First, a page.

Trophies in the Chum Line

The wind whipped across my face, as the seas furiously crashed around us. Wintertime in the Florida Keys seemed to only bring fury and flash, as each time I ventured here, the wind and seas seemed to conspire to smash my watercraft into the ocean bottom. Although the 45 mph gusts that had whistled their way through the Keys the day before had simmered to a reasonable 15-20 mph, the occasional puff of wintertime wind unrelentingly tipped our 27-foot boat back and forth like a metronome. Yet, in the face of chaos, the gentle glow of the tropical sun bathed us, and I knew that there were few places I would rather be than gripping the gunnel of a boat, charging through the sea spray.

As my best friend descended deeper into his residency and slowly lost time to travel and fish, we found ourselves forced to fish together under unusual circumstances… such as an impromptu weekend trip to the Florida Keys. The target today was Black Grouper, a gorgeously patterned bruiser of the deep. Despite being fairly ubiquitous throughout the Southern Florida region, I had yet to come across any of them in my previous travels.

After a morning of targeting grouper over deep wrecks with only one Greater Amberjack, my personal best Yellowtail Snapper and plenty of bent hooks and broken leaders to show for our effort, we motored to slightly calmer seas where there were rumors of big predators lurking in the shallows. In only 15 ft of water, the sounder started displaying signs of wreckage and intensely broken structure. The shallow water meant that little weight needed to be used, which meant not only could we afford to use lighter gear, but we would feel a more direct fight with the fish. This was my favorite type of fishing: fish versus man, one on one, brute strength vs brute strength.

While setting up the boat with the chum line and readying various things in the boat, I set my offshore rig over the side of the boat with a butterflied filet of species #687, Redtail Scad, a new species that we had caught in the morning to use as bait. Not really expecting any action out of the rod, out of the corner of my eye I saw the tip bend as something hit the bait and immediately tried to run. Unfortunately, the fish was no match for my Avet HX and it was unceremoniously winched up. Luckily, this was a new species, #689, and my first pelagic shark species ever! A lovely young Atlantic Sharpnose Shark!

After releasing the little shark, I quickly finished setting up my other rod. The setup was a simple 1 oz knocker rig with an enormous hook and a 1 lb live bait. Lob the mess over the back of the boat towards the chumline and wait for something to inhale it. As I slowly grow in experience in boating, my respect for charter captains also grows as it becomes obvious how difficult it is to position and anchor a boat over a reef, and how integral this skill is to catching fish. Our captain quickly proved his worth, as the wait for a bite was nonexistent.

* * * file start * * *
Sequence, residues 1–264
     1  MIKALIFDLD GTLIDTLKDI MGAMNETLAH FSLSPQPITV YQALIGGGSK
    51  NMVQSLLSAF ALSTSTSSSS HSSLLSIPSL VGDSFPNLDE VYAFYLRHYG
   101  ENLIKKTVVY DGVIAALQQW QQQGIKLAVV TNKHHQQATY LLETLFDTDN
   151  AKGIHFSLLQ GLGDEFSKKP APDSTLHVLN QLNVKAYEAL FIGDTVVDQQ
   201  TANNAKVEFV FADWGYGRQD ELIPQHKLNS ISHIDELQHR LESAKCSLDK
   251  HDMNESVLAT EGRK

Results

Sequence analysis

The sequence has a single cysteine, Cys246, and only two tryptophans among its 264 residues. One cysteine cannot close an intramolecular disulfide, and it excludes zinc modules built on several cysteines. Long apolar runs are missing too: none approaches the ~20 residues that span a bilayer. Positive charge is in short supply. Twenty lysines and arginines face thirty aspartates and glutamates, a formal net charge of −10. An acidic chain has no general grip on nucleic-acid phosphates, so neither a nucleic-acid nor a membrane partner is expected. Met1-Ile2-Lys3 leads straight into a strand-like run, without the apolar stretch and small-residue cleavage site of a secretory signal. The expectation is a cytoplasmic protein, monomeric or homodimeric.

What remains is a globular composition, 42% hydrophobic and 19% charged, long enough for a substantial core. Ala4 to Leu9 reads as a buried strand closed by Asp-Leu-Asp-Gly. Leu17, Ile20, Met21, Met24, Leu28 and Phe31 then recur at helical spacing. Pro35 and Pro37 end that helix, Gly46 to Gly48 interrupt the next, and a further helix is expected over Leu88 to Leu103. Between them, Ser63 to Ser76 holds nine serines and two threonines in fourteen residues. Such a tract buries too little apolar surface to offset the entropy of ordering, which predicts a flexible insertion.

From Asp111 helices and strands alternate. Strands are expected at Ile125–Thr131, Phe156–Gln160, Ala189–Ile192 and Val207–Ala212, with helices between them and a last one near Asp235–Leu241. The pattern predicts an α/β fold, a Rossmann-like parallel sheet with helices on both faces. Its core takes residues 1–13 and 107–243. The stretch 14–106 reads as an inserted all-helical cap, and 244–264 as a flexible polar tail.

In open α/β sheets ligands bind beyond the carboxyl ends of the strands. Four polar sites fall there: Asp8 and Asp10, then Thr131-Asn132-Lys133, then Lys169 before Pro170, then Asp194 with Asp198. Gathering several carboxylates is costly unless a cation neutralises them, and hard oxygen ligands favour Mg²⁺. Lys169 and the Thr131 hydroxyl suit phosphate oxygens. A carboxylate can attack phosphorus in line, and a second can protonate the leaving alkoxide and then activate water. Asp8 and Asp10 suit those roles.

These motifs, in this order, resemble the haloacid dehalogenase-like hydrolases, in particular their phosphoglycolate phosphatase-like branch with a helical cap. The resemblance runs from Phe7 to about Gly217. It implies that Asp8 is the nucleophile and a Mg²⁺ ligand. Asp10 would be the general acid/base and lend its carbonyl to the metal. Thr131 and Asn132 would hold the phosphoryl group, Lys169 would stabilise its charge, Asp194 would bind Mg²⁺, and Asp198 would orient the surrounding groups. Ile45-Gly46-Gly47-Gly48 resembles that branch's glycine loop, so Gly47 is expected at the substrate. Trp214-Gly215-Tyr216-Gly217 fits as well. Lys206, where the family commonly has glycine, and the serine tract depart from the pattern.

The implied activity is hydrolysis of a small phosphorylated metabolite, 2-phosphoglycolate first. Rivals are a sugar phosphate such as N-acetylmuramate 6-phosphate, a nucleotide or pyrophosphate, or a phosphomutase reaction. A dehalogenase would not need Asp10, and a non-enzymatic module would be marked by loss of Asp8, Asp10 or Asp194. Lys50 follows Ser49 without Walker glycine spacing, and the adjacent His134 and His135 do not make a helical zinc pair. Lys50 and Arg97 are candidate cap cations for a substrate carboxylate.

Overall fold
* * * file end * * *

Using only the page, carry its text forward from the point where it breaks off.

I felt a sharp knock on the rod tip, then the slow weight of something large as it settled in to eat the large bait. I gave a quick hookset, and instantaneously my Van Staal’s drag screamed as the fish took off. In anticipation of these large fish bolting for cover, I had my reel’s drag locked down, but the fish took little note of that. Although it entangled itself in some cover momentarily, I was able to free it after a little finagling, and soon pumped it up near the boat. The water was a milky turquoise from the turbulence but it soon parted to reveal a silvery shape. Unfortunately, this was not species #690, but instead the familiar shape of a Mutton Snapper. Not that I was complaining, considering this was a monster of a Mutton Snapper and would be my new personal best.

Only moments after the Mutton Snapper, I had just dropped my bait back into the chum slick when my bait would be picked up. This time, the initial bite was followed by a nearly unstoppable surge in power. I braced myself as strongly as I could while the Van Staal drag sounded like a jet taking off. As I followed the fish around the boat, I was afraid it was going to rock me, but under my constant pressure, the fish eventually relented and rose to the surface. With the brute strength behind the fish, I had no doubt it was a grouper of some sort, but the question was whether it was the target species? As the milky water parted to reveal a silhouette, I was surprised to see not a Black Grouper, but a hefty Gag Grouper. Although Gag Groupers are fairly common throughout Florida, they are usually outnumbered by the Black Groupers over the patch reefs. Just my luck!

Nonetheless, the fish offered a welcome fight as well as a personal best Gag Grouper. After a few quick pictures, it was released to bolt back to it’s rocky lair. Unfortunately, in the next half hour, every fish we hooked up with either rocked us, or pulled the hook. With a flight to catch, my friend was dragging his feet for “one last cast” multiple times, until the urgency to get to the airport goaded us to end the trip. Although I wasn’t able to catch my chief angling target, 3 new personal bests and a handful of new species wasn’t a bad start to my 2016 fishing season, especially while half of the United States was still digging themselves out of a snowstorm!

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